2012 Annual Report
1a.Objectives (from AD-416):
1) Identify sources of A. tumefaciens inoculum in/on hybrid seeds and seedlings;
2) Identify how and where A. tumefaciens is maintained on/in the Paradox hybrid seed;
3) Demonstrate methyl bromide alternatives for use in Paradox rootstock seedling production under nursery conditions.
1b.Approach (from AD-416):
Under nursery conditions we will quantify A. tumefaciens populations on Paradox hybrid seed as function of how and when the seed is harvested from mother trees at cooperating nurseries. Using sensitive detection protocols we will document the population dynamics of A. tumefaciens in/on hybrid seeds, and the effect indigenous soil-borne microbial communities have on those populations and crown gall incidence under nursery conditions.
The agreement was established in support of objectives 1 (subobjective 1.3) and 3 (subobjective 3.4) of parent project, which are to improve management strategies for key soil borne diseases of tree fruit and nut crops, and to characterize the etiology, biology and ecology of Agrobacterium tumefaciens. The goal of this project is identify sources of A. tumefaciens infection of walnut trees under both production and nursery conditions. A. tumefaciens is the causative agent of crown gall disease. ARS scientists at Davis, California, identified temperatures which restrict A. tumefaciens in-vivo, i.e. in planting and graft materials, and in-vitro.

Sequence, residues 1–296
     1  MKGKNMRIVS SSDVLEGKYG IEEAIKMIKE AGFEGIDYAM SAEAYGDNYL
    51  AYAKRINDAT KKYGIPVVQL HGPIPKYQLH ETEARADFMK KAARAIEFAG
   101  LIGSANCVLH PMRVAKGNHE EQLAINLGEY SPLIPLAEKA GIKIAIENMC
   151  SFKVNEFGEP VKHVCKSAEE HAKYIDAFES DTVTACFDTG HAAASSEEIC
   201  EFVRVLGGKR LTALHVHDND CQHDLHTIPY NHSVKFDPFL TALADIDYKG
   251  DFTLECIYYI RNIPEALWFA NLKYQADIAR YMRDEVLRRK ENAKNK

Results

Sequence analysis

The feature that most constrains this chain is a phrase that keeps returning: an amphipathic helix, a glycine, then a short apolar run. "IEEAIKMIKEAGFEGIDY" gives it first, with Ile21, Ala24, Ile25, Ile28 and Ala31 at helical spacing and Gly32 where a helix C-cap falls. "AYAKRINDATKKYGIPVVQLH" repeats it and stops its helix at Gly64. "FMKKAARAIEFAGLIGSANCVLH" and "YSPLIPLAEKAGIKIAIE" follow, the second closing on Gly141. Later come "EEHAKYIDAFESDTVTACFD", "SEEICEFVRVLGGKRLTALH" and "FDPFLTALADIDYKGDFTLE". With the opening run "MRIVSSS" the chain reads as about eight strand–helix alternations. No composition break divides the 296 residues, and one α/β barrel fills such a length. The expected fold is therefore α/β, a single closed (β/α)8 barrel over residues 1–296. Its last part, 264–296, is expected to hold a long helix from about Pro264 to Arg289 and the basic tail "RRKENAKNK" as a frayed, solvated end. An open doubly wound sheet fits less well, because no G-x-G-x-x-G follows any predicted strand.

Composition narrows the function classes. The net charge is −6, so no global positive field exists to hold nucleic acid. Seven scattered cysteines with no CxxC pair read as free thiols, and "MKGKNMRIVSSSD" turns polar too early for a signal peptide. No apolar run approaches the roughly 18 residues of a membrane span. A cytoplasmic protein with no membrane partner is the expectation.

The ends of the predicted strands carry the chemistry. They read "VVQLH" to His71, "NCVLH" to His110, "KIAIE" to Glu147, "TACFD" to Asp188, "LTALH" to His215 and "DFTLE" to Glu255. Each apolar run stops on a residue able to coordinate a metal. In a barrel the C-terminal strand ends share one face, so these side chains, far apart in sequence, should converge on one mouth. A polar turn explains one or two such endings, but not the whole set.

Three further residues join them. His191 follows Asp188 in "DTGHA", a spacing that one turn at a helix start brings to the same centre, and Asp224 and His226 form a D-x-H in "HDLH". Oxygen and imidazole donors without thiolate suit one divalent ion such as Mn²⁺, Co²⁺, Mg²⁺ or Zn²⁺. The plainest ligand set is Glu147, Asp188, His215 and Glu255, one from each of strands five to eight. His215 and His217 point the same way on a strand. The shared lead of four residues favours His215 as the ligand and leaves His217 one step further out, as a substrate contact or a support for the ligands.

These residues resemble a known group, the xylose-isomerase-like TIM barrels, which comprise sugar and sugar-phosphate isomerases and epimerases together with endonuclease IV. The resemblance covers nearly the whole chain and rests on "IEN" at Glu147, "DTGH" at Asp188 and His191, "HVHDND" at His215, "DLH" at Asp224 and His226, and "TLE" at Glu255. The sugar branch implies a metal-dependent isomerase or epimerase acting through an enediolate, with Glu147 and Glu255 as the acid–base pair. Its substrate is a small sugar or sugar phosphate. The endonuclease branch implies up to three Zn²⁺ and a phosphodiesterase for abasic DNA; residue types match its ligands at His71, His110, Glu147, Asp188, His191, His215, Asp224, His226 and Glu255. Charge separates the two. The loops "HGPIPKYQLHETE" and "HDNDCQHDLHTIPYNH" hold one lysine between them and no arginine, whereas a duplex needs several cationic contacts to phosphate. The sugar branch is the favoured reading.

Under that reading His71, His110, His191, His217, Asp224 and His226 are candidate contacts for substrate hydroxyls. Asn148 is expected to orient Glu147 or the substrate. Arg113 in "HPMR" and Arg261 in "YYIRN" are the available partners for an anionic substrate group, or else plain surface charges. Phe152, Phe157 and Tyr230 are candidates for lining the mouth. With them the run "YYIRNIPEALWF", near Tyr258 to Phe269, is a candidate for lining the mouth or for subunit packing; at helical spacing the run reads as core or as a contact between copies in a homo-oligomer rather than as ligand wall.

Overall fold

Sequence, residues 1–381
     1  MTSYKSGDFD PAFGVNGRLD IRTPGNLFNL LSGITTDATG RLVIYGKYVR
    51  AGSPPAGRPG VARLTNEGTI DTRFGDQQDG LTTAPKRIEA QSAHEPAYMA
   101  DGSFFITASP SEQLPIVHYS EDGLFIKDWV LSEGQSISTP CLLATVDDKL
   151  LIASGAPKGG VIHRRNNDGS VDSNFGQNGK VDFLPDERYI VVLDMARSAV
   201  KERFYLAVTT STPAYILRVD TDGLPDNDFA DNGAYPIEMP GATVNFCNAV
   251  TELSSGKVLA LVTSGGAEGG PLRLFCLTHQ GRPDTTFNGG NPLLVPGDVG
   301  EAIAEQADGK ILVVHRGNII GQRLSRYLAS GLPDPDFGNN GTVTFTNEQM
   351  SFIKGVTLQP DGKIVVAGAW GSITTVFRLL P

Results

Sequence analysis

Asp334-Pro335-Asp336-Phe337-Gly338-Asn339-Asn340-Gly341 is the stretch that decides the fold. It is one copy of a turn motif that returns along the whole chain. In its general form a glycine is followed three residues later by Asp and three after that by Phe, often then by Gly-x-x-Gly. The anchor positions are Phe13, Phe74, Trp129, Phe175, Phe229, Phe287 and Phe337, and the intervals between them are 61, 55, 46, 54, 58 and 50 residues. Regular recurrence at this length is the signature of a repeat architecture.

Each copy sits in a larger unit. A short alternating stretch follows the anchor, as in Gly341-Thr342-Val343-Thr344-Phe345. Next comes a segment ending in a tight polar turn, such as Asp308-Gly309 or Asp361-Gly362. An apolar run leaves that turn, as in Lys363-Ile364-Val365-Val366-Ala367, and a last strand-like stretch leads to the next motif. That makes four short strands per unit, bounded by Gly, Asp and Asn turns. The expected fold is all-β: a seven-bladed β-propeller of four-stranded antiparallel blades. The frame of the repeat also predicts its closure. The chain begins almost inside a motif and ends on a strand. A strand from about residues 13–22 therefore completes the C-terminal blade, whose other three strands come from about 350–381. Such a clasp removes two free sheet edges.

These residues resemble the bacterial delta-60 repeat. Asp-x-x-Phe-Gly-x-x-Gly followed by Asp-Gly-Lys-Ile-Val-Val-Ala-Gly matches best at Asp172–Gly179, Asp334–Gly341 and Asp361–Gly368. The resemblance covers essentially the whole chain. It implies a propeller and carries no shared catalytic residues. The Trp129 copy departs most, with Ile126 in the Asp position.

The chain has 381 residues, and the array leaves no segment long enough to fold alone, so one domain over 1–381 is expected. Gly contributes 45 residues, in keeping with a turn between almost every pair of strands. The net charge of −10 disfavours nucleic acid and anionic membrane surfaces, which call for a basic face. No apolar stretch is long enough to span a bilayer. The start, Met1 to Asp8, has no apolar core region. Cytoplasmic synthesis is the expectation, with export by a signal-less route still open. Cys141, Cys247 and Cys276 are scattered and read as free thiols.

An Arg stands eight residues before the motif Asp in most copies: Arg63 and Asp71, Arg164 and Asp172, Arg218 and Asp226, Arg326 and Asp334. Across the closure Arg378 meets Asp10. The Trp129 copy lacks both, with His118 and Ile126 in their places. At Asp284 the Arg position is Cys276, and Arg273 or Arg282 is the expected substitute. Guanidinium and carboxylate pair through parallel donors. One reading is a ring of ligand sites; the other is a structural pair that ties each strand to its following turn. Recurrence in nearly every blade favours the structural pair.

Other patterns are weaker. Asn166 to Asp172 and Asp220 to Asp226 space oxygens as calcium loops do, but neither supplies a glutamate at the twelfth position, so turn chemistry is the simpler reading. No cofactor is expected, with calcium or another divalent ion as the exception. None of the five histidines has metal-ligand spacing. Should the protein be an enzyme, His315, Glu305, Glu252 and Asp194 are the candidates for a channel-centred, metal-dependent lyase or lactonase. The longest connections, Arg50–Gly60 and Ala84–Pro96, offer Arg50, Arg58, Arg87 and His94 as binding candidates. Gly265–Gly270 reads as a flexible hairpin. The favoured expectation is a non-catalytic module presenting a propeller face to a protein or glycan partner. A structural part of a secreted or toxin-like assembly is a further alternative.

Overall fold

Pre-graft treatment of dormant graft wood was able to reduce subsequent crown gall formation at the graft union. ARS scientists at Davis, California, also demonstrated contact with the orchard/nursery floor by either hybrid walnut seed or graft wood (almond,walnut, cherry, and peach) collected during the dormant season results in A. tumefaciens contamination levels which are dependent on the length of time the material is in contact time with the soil, i.e. the shorter soil contact time, the lower A. tumefaciens infection. Significant contamination can occur in as short of time as 3 hours. These results have resulted in altered nursery practices which now limit A. tumefaciens infections and crown gall formation. ARS scientists also have identified an effective inexpensive positively charged surfactant (i.e. detergent) which lowers populations of A. tumefaciens below detection limits on/in plant tissue and on solid surfaces such as grafting tools.
Most importantly, this detergent was more effective at killing A. tumefaciens than bleach solutions in the presence of high concentrations of organic matter which commonly occurs in nursery operations. ARS scientists at Davis, California, also demonstrated the ability of A. tumefaciens to move systemically in the vascular tissue of walnut trees. In addition, A. tumefaciens was able to survive in the plant tissue for long periods of times prior to inciting crown gall development. These two discoveries, systemic movement and latent infections (i.e. symptom development), have impacted the approaches needed to control crown gall incidence.